apt-get update
apt-get install tklbam webmin-tklbam

From there you can use the TKLBAM Webmin module to configure it.

As for getting your VPS provider to host the newer images, you'll probably need them to contact one of the TKL devs so they can work it out between them. Once they have access to the new images you can also use TKLBAM to migrate your data from the old to the new. You may need to make some tweaks to get it to all work nicely but mostly it should be pretty straight forward.

edward's picture

Thanks for the good advice and will try to install TKLBAM.

Liraz Siri's picture

We have limited resources for development, but we believe in choice and we will eventually support as many cloud platforms as feasible. The big ones will come first, others will come after.

Note that no cloud platform is going to be totally resistant to failure. For example, Rackspace suffered a famous outage a while back when a truck slammed into a datacenter, taking out the power system.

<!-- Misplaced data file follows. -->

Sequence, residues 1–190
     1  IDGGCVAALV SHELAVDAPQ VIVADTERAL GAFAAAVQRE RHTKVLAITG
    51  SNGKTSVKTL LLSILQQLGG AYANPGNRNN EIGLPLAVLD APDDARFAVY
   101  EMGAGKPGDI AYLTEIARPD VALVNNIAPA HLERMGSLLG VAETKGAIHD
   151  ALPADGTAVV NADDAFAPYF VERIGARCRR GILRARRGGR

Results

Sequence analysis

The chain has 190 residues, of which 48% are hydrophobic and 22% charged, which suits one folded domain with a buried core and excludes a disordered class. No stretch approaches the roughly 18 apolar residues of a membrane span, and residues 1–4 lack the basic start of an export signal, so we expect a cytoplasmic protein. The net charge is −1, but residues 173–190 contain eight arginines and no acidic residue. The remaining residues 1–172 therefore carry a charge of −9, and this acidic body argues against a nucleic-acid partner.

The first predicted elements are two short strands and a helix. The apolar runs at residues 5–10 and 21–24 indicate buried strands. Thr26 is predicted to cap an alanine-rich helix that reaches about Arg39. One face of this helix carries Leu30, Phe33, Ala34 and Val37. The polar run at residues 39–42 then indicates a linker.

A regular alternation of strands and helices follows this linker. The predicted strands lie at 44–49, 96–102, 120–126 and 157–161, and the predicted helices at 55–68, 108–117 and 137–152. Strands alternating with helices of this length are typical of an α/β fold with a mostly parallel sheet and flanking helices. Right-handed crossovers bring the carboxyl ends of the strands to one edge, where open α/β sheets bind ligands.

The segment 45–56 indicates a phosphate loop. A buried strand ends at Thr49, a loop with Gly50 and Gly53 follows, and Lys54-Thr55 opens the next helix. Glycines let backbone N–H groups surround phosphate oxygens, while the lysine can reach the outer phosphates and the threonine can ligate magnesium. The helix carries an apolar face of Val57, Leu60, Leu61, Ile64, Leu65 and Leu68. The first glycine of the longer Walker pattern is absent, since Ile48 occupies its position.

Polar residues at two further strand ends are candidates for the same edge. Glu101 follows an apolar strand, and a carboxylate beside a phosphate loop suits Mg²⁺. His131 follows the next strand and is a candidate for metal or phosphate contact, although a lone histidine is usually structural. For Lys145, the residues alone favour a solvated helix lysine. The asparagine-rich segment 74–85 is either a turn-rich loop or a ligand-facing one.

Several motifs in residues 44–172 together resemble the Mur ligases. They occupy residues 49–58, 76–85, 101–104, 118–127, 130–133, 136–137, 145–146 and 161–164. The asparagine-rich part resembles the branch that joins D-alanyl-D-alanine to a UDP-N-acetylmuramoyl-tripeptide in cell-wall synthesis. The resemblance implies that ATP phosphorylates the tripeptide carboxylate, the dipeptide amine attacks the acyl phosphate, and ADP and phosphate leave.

Even after the EBS outage last week, Amazon Web Services is still the most powerful cloud platform. There is a lot of confusion regarding what the extent of the failure. S3 the storage service where TKLBAM stores data was not effected, and it has triple redundancy in multiple physical datacenters so should be very reliable. EBS never promised that level of reliability and in fact did fail occasionally. If you have a storage system with tens of thousands to hundreds of thousands of hard drives, you will find that a small portion of them do inevitably fail every day, and that will be true even with multiple redundancy (e.g., RAID) mechanisms, though we should be expect the failure rate to be lower then that. Though in this case what happened was not a physical failure but human error and the ramifications from an inadequately understood massive distributed system. To be fair Amazon recovered all but a tiny percent of the lost EBS drives.